There has been a “philosophical shift” in conservatism after a budget in which taxes and spending will rise to levels not seen in 40 years, the chief treasury secretary said.
Simon Clarke said he did not “apologize” for spending more on public services.
Chancellor Rishi Sunak said the prime minister is committed to reducing taxes in the coming years.
His budget included an increase in real terms for each government department.
Mr. Sunak told lawmakers that he did not like the tax increases, but said it was the result of the “unprecedented crisis” of the pandemic.
Labor accused the chancellor of conducting a “scam game”, adding that voters were tired of the promises of “tomorrow’s jam”.
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Speaking on BBC Newsnight, Clarke said the state has a role to play in some of the government’s political priorities.
He said: “The chancellor has been very open about the fact that this is a philosophical change.
“What we want to see is boosting the economy, unlocking productivity and delivering smoother growth across the UK. This requires upfront spending.”
He said the government is not “shying away” from public spending, but that it will cut taxes “where there is a chance.”
In his third budget since becoming chancellor, Sunak has pledged to spend £ 150 billion increases over three years.
This included nearly £ 2bn to help schools in England catch up after the coronavirus, £ 6bn to tackle NHS arrears and £ 7bn for transport projects.
The influential think tank of the Institute for Fiscal Studies said the spending plans were “more similar” to those of Labor governments in the 2000s than those of George Osborne, a former Conservative chancellor.
Newsnight political correspondent Nick Watt says some Conservative MPs are concerned about increased spending and government size and that the Chancellor has tried to reassure them.
Addressing the House of Commons, Sunak acknowledged that he was uncomfortable with how large the state had grown during the pandemic.
“Taxes are rising to their highest percentage of GDP since the 1950s – I don’t like it, but I can’t apologize for that – it’s the result of an unprecedented crisis.
“But now we have a choice,” he said, adding “we want to live in a country where the answer to every question is” what will the government do about it? “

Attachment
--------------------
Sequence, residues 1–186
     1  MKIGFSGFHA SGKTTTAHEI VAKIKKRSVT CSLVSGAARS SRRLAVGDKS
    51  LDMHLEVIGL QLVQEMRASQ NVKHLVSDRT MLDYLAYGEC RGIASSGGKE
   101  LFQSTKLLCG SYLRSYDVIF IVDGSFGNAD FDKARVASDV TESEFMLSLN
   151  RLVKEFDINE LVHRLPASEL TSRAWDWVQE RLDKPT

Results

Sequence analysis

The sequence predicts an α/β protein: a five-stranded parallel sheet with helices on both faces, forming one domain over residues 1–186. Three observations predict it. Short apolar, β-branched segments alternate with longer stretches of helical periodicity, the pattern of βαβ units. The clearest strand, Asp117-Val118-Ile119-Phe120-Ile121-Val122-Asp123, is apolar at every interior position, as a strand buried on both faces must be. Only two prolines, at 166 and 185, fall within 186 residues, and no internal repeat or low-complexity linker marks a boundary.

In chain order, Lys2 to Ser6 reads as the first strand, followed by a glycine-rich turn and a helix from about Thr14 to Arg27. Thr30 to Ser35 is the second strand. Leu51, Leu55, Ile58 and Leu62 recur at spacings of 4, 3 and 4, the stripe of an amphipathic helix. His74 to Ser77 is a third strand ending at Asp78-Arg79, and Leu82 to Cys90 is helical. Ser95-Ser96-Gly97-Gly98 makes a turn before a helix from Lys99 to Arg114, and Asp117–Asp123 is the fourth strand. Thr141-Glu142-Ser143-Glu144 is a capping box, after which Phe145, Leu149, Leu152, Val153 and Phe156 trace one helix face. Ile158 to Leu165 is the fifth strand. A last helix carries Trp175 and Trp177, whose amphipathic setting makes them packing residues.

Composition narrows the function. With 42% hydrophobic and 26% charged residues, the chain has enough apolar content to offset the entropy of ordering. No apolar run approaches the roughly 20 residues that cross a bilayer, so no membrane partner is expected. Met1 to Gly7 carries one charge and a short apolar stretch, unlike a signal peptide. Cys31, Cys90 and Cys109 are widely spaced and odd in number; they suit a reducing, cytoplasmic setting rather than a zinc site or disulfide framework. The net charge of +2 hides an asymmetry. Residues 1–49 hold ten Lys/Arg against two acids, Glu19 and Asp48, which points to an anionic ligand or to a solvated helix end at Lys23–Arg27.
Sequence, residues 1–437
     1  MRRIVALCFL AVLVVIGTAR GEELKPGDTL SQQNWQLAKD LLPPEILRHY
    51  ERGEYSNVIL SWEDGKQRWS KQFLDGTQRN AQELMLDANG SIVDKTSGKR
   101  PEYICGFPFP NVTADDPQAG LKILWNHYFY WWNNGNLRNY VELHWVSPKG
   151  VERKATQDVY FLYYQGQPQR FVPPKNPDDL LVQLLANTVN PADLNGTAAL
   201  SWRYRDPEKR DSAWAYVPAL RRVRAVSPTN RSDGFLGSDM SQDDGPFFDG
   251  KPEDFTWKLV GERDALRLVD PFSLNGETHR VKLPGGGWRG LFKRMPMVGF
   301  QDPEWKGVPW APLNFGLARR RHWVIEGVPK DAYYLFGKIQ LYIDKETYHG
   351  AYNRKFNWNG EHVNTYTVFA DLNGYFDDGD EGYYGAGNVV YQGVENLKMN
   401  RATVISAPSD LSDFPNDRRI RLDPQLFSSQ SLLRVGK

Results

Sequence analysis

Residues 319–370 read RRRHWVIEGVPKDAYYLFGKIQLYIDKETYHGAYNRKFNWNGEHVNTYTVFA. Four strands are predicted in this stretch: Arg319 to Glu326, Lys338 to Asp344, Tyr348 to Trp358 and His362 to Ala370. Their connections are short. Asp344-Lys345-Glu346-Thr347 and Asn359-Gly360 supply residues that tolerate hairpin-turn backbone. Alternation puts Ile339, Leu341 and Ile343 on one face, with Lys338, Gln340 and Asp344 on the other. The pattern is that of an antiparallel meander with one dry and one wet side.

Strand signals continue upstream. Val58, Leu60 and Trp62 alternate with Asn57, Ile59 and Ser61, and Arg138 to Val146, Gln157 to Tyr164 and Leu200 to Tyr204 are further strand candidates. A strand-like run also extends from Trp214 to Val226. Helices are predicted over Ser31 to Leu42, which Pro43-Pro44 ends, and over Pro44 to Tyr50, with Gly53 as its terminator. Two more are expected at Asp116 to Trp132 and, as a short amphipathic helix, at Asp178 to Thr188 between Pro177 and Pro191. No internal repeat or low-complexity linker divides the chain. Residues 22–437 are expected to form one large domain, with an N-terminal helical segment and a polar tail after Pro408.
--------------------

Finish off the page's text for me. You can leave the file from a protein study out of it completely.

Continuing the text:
“Or we choose to recognize that government has limits, that government should have limits.”
He later insisted to ITV’s Robert Peston that this was not “empty rhetoric,” adding that both he and the prime minister wanted to cut taxes by the end of parliament.
He also told a conservative backbench MPs meeting Wednesday evening that “every marginal pound in the future should be invested in lowering taxes.”
Labor Shadow Chancellor Rachel Reeves told ITV it was important to raise money “but not in the way the government is doing it.”
He said the government was introducing large taxes, but said “those taxes don’t fall on the banks – bankers got a tax cut” in reference to a 5% cut in the surcharge imposed on banks’ profits.
He added that Labor will raise taxes on “online giants who aren’t paying their fair share.”
Mr. Sunak has also used his budget to repeat heralded measures, including an end to the public sector wage freeze and an increase in the National Living Wage from £ 8.91 per hour to £ 9.50.
According to data from the Bureau of Fiscal Responsibility, household disposable income is expected to increase by 0.8% per year.
Economic growth is projected to increase to 6.3% next year, higher than previously forecast, but slow to 1.3% by 2023.
Among the new Budget measures:
- A real increase in spending for every government department
- A freeze on the duty on fuel
- Funding per pupil in UK schools will be brought back to 2010 levels over the next three years
- A 5% cut in the extra corporate tax that banks have to pay to “maintain competitiveness”
- An extra £ 2.2 billion for courts, prisons and probation services, including £ 500 million to reduce court arrears
- A cut in air passenger taxes for domestic flights in the UK and an increase in taxes on “ultra long haul” flights
- More support for industrial research and development
And the chancellor canceled England’s planned commercial rate hike for next year and promised more frequent revaluations and tax breaks for companies making improvements to their properties, starting in 2023.
The government has faced strong criticism for its decision to reduce the universal credit benefit by £ 20 per week.
Mr. Sunak did not offer to keep the £ 20 increase – introduced during the pandemic – but instead announced that the “taper” would be cut so that instead of losing 63p of benefit for every £ 1 earned beyond above the work allowance, the amount will be reduced to 55p.
Reeves said this would not compensate for the larger cuts in universal credit that have affected five million households.
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